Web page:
Sometimes you run for the sidelines
When I was in grad school I hit a rut where I wasn’t doing what I needed to do each day.
A friend recommended Covey’s “7 Habits of Highly Effective People” which had come out in paper back that year.
I still remember the two main things I took from the book.
The first was to think of the things you have to do on two axes: Not important to important on one axis and not urgent to urgent on the other.
Covey argued that we spend far too much time working on tasks that are urgent but not important.
Of course, he said, we have to work on the ones that are urgent and important and we shouldn’t spend time on tasks that are neither urgent nor important.
But good things happen the more time we devote to those things that are important but not urgent.
The other thing I remember was a diagram with two concentric circles.
The outer one is the Circle of Concern and the inner one is the Circle of Influence.
Now if the last four years has taught us anything, it’s that these circles are not actually one inside the other.
We’ve seen people with influence far beyond the worlds that they care about.
The circles should probably look more like a classic Venn Diagram with overlapping circles. That would give us four regions much like the four quadrants in our Urgent/Important diagram.
There would be an area of things that we aren’t concerned about and can’t influence. But that’s not really important to our story.
There would also be an area of things that we can influence but aren’t concerned about. It turns out that that’s not really relevant to the point of the story either.
We can artificially make ourselves happier if we shrink the circle of things we’re concerned about. But if we do we also would never be satisfied.
So back to the book’s drawing.
Assume that the Circle of Influence sits inside the Circle of Concern.
This means that we assume for the sake of this exercise that we only have impact over things we care about.
Now look at the region outside of the inner circle and inside the outer circle.
This is filled with things you worry about all day that you can’t influence.
This is the stuff that raises our stress level and there’s nothing we can do to change their outcome.
Some of it might be fun - say a favorite sports team winning. Despite what our superstitious selves might think, there’s nothing we can do to influence the outcome of the game. In fact, we might be rooting for the wrong thing to happen.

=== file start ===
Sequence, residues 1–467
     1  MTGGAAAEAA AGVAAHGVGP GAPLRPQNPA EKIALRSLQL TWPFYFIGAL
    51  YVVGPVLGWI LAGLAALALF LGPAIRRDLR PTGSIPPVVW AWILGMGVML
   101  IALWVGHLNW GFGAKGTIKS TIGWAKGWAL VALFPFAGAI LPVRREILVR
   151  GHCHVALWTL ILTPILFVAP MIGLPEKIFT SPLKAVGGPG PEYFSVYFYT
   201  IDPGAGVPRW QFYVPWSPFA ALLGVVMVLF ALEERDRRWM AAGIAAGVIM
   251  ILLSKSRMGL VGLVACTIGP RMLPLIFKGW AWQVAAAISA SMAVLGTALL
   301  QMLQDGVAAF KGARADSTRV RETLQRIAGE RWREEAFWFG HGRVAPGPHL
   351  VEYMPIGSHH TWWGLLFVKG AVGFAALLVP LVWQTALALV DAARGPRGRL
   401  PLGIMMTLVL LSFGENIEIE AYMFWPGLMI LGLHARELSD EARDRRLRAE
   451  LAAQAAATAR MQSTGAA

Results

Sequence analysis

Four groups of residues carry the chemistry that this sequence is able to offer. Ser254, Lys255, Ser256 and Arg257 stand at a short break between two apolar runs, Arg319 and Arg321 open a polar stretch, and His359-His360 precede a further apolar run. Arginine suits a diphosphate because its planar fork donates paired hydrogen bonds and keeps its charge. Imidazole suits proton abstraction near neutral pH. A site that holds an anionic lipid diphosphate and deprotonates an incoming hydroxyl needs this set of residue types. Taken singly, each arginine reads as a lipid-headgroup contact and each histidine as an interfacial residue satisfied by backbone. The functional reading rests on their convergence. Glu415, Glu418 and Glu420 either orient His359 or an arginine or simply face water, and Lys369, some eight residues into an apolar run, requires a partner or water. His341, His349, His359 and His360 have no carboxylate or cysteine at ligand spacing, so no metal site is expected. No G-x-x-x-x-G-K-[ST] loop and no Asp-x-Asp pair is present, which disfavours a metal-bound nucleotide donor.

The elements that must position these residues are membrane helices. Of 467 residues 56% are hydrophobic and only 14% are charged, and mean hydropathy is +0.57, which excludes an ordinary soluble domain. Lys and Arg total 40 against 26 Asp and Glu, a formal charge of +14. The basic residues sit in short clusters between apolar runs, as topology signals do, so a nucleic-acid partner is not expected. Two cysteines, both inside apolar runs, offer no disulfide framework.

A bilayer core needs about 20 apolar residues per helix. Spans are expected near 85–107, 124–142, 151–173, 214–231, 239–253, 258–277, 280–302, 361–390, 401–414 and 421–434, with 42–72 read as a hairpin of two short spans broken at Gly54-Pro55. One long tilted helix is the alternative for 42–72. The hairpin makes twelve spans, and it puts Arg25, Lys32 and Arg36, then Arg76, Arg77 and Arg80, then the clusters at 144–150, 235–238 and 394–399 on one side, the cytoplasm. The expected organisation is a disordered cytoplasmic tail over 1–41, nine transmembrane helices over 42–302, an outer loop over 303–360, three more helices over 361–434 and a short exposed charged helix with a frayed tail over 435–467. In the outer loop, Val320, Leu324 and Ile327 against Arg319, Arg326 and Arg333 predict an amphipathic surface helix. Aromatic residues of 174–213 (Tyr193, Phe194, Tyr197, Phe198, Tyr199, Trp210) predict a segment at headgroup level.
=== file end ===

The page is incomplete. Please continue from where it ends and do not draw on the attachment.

At the end of last week’s Browns game, the Cleveland Browns led by three points with about a minute left. It was third down and if they didn’t advance the ball enough they would give the other team the ball and a chance to tie or win the game.
Nick Chubb ran through a hole in the defense and ran towards the end zone. He would surely score and the browns would be up by nine. Ten if the extra point was made.
But it was a windy day - who knows if the extra point would be made or not. And then the other team gets the ball with no time outs but teams have scored in less time. And then maybe they go for two points and tie the game.
None of that is likely and we’ll never know if it could happen or not.
At the one yard line Chubb turned left and ran out of bounds.
Instead of adding to his personal record and most likely securing a Browns win, he ran out of bounds and ensured that his team won. The Browns could run out the clock and win by three.
And that’s what they did.
I love Covey’s metaphor.
We’ll be happy if we decrease the region between our circle of influence and our circle of concern.
We often take that to mean we should reduce our circle of concern to just those things we can influence but sometimes we can increase our circle of influence.
We can run through all of the what-ifs and realize that a less-obvious solution exists. We have to pause and not be concerned with what it does to our own stats.
We need to understand that sometimes the answer is out of bounds.
Essay from Dim Sum Thinking Newsletter 34. Read the rest of the Newsletter or subscribe